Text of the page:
“We are the best and only gastronomic zone in the metropolitan area,” crows Fouad Lakhdar. “We have restaurants representing ten different countries here.”
Lakhdar has good reason to be proud of the two-kilometer stretch of Avenida López Cotilla where his small restaurant, Morocco Kebab, is located. He was a leader in the business association that interfaced with Jalisco state authorities during the time when the street was turned topsy-turvy for a deep and dramatic makeover.
Morocco Kebab, at almost four years old, is in some ways typical of the area’s eateries, which serve the cuisine of 10 different countries. One establishment, the mid-scale and ever popular La Paloma (serving coffee, drinks, and popular Mexican dishes from morning to night), with 35 years since its founding, has truly deep roots. A few others, such as Entre Dos (French) and Casa Tomás (Spanish – both known for haute cuisine – have been around for a while, but the majority are newer, including some very recent additions attracted by cosmetic and infrastructure improvements that city and state governments have just completed.
While not all the López Cotilla restaurants and bars are upscale, the area offers a far more serene and discriminating atmosphere than the nearby party-hearty Chapultepec zone, which caters to younger, noisier, chicken wing and pizza lovers. By contrast, establishments such as La Funicula and La Moresca, specializing in Italian, fusion or haute cuisine, offer pizza, too, but serve it with both standard and unusual ingredients, such as basil or salmon, along with a good selection of wine.
The improved zone, stretching from Centro Magno shopping center to Avenida Enrique Diaz de Leon (near the soaring Templo Expiatorio), not only boasts public benches in the shade of old and newly-planted banks of trees (many of the spring-blooming, yellow primavera variety), but also abundant trash containers and protected bicycle lanes that are a joy for cyclists.
A usually unobservable improvement was to the drainage system, which leaves López Cotilla flood-free during rains, Lakhdar noted enthusiastically.
“This area is a ‘Zona 30,’” he added, meaning traffic, slowed by frequent speed bumps, cannot go faster than 30 kilometers per hour. “The concept began in France.”
The improved corridor stretches a little to each side of López Cotilla and a bit farther than noted above, and includes beefed-up bike lanes and restaurants other than those strictly on López Cotilla.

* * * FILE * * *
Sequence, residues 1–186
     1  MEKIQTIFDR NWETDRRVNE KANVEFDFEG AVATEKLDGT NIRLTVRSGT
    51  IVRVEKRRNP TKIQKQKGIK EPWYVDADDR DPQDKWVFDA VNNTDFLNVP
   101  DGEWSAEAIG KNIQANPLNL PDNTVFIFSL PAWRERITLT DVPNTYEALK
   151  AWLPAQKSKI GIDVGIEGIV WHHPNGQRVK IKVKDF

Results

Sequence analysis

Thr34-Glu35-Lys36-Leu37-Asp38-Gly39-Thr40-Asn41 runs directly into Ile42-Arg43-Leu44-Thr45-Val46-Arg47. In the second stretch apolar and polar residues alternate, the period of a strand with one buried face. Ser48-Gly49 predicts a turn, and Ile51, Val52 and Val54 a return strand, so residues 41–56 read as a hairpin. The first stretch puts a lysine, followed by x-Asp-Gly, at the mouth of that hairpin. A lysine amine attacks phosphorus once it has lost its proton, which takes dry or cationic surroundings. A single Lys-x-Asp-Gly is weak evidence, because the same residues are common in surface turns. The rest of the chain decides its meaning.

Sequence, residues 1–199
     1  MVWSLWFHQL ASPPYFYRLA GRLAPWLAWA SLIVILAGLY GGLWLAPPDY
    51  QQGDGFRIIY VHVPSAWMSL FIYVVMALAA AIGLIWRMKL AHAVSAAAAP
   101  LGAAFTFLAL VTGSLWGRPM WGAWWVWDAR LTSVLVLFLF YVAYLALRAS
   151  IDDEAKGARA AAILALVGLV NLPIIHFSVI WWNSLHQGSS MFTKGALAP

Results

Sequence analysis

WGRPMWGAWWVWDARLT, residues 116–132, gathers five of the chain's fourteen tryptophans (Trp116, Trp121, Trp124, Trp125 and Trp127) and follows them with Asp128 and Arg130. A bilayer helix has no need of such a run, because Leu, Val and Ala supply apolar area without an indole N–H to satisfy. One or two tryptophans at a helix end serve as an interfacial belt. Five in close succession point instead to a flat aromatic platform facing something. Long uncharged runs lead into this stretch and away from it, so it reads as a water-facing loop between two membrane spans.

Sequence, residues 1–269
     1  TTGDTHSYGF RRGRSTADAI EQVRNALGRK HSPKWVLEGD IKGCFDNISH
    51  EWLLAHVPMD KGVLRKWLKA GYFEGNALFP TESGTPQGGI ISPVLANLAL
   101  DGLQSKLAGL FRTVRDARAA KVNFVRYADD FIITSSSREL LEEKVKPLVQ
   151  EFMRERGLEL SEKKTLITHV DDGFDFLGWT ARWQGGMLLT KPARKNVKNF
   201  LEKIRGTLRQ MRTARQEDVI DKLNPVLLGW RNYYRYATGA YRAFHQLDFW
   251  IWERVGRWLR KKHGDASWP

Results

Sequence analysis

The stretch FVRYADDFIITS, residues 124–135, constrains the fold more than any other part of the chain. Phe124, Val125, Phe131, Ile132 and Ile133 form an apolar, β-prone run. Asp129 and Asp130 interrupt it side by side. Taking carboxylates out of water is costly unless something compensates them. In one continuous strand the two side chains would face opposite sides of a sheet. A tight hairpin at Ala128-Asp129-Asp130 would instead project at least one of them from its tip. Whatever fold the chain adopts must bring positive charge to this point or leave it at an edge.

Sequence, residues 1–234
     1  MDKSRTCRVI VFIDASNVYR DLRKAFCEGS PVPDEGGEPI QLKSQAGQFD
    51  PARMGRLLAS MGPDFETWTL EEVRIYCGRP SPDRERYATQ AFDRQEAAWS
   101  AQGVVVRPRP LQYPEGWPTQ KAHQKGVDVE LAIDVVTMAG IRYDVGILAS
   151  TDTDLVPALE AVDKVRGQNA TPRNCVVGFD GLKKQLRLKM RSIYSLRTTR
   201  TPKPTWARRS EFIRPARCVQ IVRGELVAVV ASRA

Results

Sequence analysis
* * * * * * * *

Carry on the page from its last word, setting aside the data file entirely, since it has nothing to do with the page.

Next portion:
Construction was begun under the auspices of the state of Jalisco and concluded in 2015, Lakhdar noted. Then, Guadalajara City Hall jumped in to make dramatic improvements in an adjacent part of the street just east of Chapultepec, which has very few restaurants. This part was finished in August.
Lakhdar pronounces himself satisfied with the results. His only reservation is about overhead power lines. “They’re hardly functioning,” he said, pointing to a profusion of thick and thin cables hanging above our heads, strung haphazardly between poles. “The project has been finished for two years but the lines still haven’t been removed because of a problem with Telmex. Everything else—CFE electricity and cable services—are already underground and working,” he said, indicating a nearby wall with some neat tubes that disappeared below the pavement.
Still, “it’s the best street in the metro area. It’s pretty and has good infrastructure,” he emphasized.
Lakhdar pointed out that an event that was held recently on a street stage at the corner of Miguel de Cervantes Saavedra near La Paloma and La Moresca restaurants showcased the winners of a competition for a tequila-based beverage to be marketed under the brand Guadalajara Guadalajara, the name of City Hall’s promotion campaign.
The Lopez Cotilla dining corridor offers a rich variety of eating and drinking alternatives, with Mexican, Italian, Spanish, Moroccan, French, Irish, Argentinean, Chilean, U.S., Indian, Japanese and British options – 35 restaurants representing 12 countries – all vying for customers along a three-block stretch.